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Dinsmore-Thomas v. Ameriprise Financial

August 3, 2009


The opinion of the court was delivered by: David O. Carter United States District Judge


Before the Court is Defendant Ameriprise Bank, FSB's, improperly named as Ameriprise Financial, Inc., ("Ameriprise" or "Defendant") Motion for Summary Judgment and Lifting the Temporary Restraining Order (the "Motion"). After considering the moving, opposing, and replying papers, as well as the parties' oral arguments, the Court hereby GRANTS Defendant's Motion.

I. Background

a. Defendant's Version of the Facts

On April 4, 2006, Plaintiff Rita P. Dinsmore-Thomas ("Thomas" or "Plaintiff") executed an American Express Home Equity Line of Credit Agreement ("Note") in the amount of $100,000.00. Under the Note, $100,000.00 was advanced to Plaintiff with monthly payments due on the loan balance and a March 4, 2026 maturity date. The Note was secured by a Deed of Trust on the property located at 481 North Seranado Street, Orange, CA 92869, also dated April 4, 2006. The Deed of Trust was assigned from original lender American Express Bank to Defendant on August 20, 2007. Defendant contends that the last payment made by Thomas on the loan was on October 10, 2007, and was applied to the October 2007 payment.

Under the terms of the Note and pursuant to Thomas's default, Ameriprise terminated the account and accelerated repayment of the entire balance. The Deed of Trust provides for the right to foreclose on the property and the power of sale upon foreclosure. Defendant used Regional Trustee Services Corporation ("Regional") to foreclose on the Deed of Trust. A Notice of Default was recorded on February 1, 2008. Plaintiff then sent a debt verification request to Ameriprise on February 4, 2008. Defendant avers that "Plaintiff's request made unreasonable demands, not required of the defendant under the Fair Debt Collection Practices Act, including providing a 'wet ink signature note' and claiming that no debt would be owed if a response was not made within three days." Def.'s Mot. at 5-6. Plaintiff made the same requests on February 8, 2008, February 13, 2008, and February 19, 2008.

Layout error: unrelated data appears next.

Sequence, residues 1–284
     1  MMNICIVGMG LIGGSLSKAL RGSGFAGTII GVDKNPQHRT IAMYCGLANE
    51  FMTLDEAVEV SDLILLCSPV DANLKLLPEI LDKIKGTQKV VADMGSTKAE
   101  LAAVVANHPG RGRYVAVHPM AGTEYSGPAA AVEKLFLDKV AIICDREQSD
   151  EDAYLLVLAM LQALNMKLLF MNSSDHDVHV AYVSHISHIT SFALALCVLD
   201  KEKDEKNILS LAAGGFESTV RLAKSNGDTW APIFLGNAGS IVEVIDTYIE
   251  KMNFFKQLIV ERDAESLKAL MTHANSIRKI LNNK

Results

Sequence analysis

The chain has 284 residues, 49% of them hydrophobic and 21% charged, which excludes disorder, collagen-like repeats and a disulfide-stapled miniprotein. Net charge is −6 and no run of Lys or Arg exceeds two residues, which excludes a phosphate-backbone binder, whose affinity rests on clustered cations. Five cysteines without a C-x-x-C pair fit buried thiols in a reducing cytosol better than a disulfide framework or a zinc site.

On February 28, 2008, Ameriprise responded to Thomas's letters by sending Thomas copies of the Note and Deed of Trust, a payment history on the account, a reinstatement letter showing the amount due to bring the loan current and a Demand/Payoff Statement if Thomas instead wished to pay off the loan in full. Defendant contends that Thomas still failed to cure the default.

On April 29, 2008, Plaintiff purportedly sent Ameriprise a cover letter with documents that she contended constituted a payoff of her loan and a copy of a letter to the IRS. The letter declared:

Enclosed you will find a Money Orders [sic] for the above account that I have submitted to the Internal Revenue Service for payment against my Private Exemption account no. 434647170.

When you, the Vendor, receive the 1040-V with your bill/statement/money order made payable to U.S. Treasury, transmit it to your senior accountant for processing.

Please send me a statement of account showing a "0" balance as soon as you have made your adjustment. Also, enclosed please find Form W9, please provide your TIN number.